Binary Literals

2006-08-06, Comments

When I examined Ruby’s syntax for integral literals I found the usual suspects — decimal, octal, and hexadecimal numbers. There were also a couple of pleasant surprises.

Binary Literals

Ruby supports binary literals. It’s always been mystery to me why other languages don’t support these – you always need them when you need to pack and unpack binary data. Many of us old C/C++ hackers probably use hexadecimal numbers for this purpose, to the extent that we probably know the binary values of the first sixteen hex numbers — but they still don’t read well. For example, here, in different languages, are bitmasks to get at bits 2 to 5 (inclusive) of a number. I’m counting the least significant bit as bit 0 here.

mask = 0b111100    # Ruby, binary literal
mask = 0x3C        # Python, hexadecimal numeric literal
unsigned long const mask
     = 0x3C;       // C++, hexadecimal numeric literal

It’s clear that the Ruby literal is easiest to interpret as a bit mask.

In C++ — and other C-family languages — we could equally try and express our intent of extracting bits 2, 3, 4, 5 more directly:

 unsigned long const mask
     = ~(~0u << 6 - 2) << 2;

With a bit of squinting, we read this as: “set bits in the half open range from bits 2 to 6”.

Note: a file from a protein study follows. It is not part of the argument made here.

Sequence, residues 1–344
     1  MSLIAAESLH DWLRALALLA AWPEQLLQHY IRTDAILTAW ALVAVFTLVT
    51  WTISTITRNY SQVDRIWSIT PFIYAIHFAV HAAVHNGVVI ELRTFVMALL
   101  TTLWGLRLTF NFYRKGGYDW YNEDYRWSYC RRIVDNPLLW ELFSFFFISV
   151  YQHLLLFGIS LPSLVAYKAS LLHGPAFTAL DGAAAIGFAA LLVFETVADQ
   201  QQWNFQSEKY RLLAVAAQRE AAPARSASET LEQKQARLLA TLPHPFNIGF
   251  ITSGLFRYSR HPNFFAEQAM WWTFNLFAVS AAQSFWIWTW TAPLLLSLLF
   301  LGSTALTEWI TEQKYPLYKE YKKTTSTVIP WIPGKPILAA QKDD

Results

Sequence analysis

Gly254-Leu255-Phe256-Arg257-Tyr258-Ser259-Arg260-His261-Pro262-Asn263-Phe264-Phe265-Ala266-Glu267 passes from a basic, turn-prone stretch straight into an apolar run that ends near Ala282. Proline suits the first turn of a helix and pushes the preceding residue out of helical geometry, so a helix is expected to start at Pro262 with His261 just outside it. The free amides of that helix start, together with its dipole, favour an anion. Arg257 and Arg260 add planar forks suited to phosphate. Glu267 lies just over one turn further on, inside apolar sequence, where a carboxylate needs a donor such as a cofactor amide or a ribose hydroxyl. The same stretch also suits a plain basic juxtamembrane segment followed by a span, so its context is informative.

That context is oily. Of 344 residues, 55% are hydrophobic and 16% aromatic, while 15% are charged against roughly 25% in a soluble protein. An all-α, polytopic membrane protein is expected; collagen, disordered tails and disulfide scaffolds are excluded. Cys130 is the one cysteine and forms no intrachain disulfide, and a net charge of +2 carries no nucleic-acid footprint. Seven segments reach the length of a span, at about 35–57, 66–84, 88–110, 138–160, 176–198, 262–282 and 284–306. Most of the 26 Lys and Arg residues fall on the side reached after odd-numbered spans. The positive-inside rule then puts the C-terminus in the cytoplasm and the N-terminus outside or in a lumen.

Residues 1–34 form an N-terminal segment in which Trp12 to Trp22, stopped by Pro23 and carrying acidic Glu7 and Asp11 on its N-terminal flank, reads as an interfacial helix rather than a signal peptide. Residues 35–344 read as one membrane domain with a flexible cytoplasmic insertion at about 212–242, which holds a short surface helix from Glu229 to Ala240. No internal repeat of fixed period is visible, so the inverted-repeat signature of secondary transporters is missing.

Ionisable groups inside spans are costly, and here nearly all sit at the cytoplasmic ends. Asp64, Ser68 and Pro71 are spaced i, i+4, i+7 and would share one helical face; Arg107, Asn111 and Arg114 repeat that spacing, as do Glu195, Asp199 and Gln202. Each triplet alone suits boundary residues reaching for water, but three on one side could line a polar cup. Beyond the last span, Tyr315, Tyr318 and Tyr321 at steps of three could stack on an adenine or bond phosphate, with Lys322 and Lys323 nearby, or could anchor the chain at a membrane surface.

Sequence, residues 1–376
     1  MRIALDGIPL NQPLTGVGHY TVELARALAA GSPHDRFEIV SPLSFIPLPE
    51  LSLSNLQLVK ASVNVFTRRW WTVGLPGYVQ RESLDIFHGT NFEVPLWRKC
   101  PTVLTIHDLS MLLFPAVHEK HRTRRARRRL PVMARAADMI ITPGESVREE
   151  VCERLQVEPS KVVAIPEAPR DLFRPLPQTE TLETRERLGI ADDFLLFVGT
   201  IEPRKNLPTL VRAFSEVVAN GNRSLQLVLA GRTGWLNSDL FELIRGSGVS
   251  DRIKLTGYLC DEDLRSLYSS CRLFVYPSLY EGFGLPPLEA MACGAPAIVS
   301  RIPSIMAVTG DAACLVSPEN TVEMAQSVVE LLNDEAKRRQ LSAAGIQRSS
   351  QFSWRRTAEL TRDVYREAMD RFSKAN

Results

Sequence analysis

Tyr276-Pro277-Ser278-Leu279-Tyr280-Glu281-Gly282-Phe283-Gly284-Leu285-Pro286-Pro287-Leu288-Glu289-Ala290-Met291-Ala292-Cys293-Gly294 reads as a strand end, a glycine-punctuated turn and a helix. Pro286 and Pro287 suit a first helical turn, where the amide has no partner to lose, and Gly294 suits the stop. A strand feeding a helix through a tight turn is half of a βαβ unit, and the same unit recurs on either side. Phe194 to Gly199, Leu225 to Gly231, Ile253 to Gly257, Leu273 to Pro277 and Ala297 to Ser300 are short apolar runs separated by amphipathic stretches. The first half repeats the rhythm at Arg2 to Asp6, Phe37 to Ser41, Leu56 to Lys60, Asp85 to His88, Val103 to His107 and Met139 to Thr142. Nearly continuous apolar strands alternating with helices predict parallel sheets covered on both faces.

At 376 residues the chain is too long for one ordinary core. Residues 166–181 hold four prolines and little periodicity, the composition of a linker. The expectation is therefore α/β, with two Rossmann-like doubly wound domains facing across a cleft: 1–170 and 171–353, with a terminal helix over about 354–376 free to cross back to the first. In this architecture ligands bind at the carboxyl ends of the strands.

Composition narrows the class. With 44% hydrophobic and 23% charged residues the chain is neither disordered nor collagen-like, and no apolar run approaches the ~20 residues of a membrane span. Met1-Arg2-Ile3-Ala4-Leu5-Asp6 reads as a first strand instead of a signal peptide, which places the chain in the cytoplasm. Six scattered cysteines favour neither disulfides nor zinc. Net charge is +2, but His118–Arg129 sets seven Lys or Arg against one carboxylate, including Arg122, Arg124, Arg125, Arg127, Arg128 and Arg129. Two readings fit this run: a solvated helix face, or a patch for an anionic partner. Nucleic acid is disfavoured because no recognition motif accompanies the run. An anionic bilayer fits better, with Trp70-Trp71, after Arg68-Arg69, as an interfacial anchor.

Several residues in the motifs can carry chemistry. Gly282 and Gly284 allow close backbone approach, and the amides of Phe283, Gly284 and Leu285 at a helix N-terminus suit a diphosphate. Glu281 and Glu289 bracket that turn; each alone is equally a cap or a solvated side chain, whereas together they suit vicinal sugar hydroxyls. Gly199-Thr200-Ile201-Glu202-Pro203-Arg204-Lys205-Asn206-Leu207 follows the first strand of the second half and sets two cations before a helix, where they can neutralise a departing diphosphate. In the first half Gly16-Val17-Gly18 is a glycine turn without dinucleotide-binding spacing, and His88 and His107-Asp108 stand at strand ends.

Note in passing that the subtraction operator, -, binds more tightly than the left shift operator, <<, despite what you might expect, so we are in fact left shifting ~0u by 4.

In C++ we might even consider working around the lack of binary literals using a bitset.

unsigned long const mask
    = std::bitset<6>(std::string("111100")).to_ulong();

This is, however, non-idiomatic and inefficient, and really just exposes the language’s lack of binary literals.

Underscore as Separators

Binary literals soon get tricky to read. Runs of 1’s and 0’s can be hard on the eye. How readable, for example, would our Ruby literal be if we wanted to mask out bits 9, 10, 11?

mask = 0b111000000000

Fortunately, Ruby allows us to place underscores in numeric literals, which, gives us an equivalent number:

mask = 0b1110_0000_0000

Here, I’ve inserted the underscores every 4 bits — that is, at the boundaries of nibbles. Nice one Ruby!